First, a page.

FAAS 

This is a main application of blockchain to cloud computing to underpin the Federation-as-a-Service solution. It is an innovative solution to federate cloud systems ensuring privacy-preserving management of service or data, optimised resource utilisation, and decentralised and democratic federation governance. 

Blockchain offers the decentralised computational infrastructure to build cloud federations with trustless data integrity and availability guarantees. This line of research was to address problems in the public administration space because some of the specific requirements of demonstrable data custody and service or data sharing governance normally imposed on governments, typically point directly to the key properties of integrity for data and code offered by blockchains. 

Provenance 

This is the foundation of data quality, capturing the trace of data manipulation over space, time, and actors. Provenance becomes critical in application domains such as healthcare where patient safety can be endangered. Based on blockchain technologies, we are focussing on decentralised storage and computation of data provenance to prevent by-design loss and corruption of healthcare data across geographically distributed medical institutions. 

Cyber and the Law 

This works on data situation models relying in part on anonymisation and pseudonymisation practices, and their implications for data protection obligations. The Horizon 2020 FutureTrust project on interoperability of electronic identification and trust services and the interplay between the General Data Protection Regulation (GDPR) and key data protection principles, such as data protection by design. 

Identity and Access Management

This research focuses on the design of privacy-preserving identity and access management systems that are resilient to cyber-attacks. We explore the use of blockchain technology and Intel SGX trusted hardware to guarantee the integrity of users’ digital identities and access control policies and of the identity verification and access control protocols. These guarantee both data immutability and integrity and confidentiality of the policy enforcement process. 

Health-I 

This focuses on integrating humans into the IoT ecosystem. The project investigates how and where crowdsourcing can be used within an IoT ecosystem to improve trust and user-driven privacy and provide better human-driven data-sharing mechanisms. By using the crowd, we build up trust, privacy, & data-sharing capabilities openly and transparently.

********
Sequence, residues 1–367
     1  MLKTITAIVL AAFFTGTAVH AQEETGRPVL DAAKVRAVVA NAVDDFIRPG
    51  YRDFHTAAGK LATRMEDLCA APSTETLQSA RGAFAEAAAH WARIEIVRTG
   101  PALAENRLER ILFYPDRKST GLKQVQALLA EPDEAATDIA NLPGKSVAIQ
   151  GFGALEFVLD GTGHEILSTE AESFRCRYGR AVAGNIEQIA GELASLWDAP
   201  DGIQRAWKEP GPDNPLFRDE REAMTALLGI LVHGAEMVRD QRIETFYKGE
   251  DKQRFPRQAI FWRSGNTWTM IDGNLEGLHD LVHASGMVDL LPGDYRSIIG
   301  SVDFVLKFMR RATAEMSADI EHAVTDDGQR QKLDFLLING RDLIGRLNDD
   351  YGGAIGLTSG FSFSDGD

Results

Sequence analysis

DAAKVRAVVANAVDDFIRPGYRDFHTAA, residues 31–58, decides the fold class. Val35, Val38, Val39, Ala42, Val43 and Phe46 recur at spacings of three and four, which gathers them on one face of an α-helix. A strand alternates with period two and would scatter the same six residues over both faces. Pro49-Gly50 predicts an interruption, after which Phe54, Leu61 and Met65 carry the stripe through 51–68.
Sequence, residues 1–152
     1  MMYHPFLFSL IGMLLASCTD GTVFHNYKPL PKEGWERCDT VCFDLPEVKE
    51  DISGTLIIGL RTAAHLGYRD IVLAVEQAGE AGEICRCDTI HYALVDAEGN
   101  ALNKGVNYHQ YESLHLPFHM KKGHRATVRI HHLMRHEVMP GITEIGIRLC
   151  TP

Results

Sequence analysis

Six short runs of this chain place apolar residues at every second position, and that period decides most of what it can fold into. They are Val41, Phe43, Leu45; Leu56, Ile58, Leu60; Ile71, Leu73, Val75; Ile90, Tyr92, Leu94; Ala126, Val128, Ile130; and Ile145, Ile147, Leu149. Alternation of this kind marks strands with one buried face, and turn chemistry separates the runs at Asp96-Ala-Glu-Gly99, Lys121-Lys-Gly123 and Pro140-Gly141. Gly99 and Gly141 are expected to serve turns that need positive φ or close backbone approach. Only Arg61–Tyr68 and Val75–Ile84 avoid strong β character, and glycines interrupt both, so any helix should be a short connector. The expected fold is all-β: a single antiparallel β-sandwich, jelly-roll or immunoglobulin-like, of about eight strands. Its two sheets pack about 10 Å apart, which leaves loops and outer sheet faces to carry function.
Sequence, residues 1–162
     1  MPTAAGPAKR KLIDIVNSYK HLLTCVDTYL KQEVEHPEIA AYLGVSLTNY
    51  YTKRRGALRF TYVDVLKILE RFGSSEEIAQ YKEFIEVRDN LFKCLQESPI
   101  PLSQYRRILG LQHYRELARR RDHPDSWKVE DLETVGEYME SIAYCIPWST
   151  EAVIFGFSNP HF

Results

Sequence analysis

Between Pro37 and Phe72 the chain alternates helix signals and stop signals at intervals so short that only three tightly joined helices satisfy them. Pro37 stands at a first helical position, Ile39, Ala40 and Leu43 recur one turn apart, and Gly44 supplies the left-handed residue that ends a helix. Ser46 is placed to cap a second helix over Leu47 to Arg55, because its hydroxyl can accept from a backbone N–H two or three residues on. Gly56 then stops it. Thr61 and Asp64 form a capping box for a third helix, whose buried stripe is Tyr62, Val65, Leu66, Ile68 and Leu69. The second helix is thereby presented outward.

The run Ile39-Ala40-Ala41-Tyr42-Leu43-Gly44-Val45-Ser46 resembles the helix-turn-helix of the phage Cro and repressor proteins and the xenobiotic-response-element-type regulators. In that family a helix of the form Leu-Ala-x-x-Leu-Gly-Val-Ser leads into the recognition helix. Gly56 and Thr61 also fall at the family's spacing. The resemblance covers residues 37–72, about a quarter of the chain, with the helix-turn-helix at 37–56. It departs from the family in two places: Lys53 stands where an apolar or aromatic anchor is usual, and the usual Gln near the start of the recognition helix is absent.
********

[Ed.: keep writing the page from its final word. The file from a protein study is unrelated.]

CASTLE 

This is a project funded by the Higher Education Academy to enhance both students’ cyber security skills and the University’s cyber security posture through supervised penetration testing and a responsible disclosure policy. 

Software Verification and Validation 

Software Verification and validation in cyberspace is the focus of project ADVANCE. This is developing a unified tool-based framework for automated formal verification and validation of cyber-physical systems. 

Cyber-Physical System Security 

This studies the security issues in cyber-physical systems (CPS) which are characterised by the deep integration and close interaction between the cyber (information) systems and the physical systems. Examples of CPS include:

  • smart energy systems
  • automotive CPS
  • cyber-human systems
  • smart manufacturing systems
  • smart health CPS

GDPR 

This research explores the applicability of GDPR in real terms, concerning the currently known anonymisation techniques. We conclude that new algorithms are needed if we need to be GDPR compliant. Specifically, we explore advanced indexing to endow differential privacy with resilience to attacks based on repeated queries, through our new notion of context controls. 

Government-related activities 

This consist of working with government agencies across Europe and beyond to address privacy and security requirements in public administration. Our current efforts center on distributed ledgers as computational infrastructure to provide data integrity guarantees. 

In the recent past worked with the government on the cyber security of the Internet-of-Things, of the UK Smart Metering Programme as well as the effectiveness of Cyber Essentials. We have established solid working relationships with several agencies including the:

  • Cabinet Office
  • Foreign and Commonwealth Office
  • Information Commissioner’s Office
  • Italian Ministry of Economy and Finance
  • National Crime Agency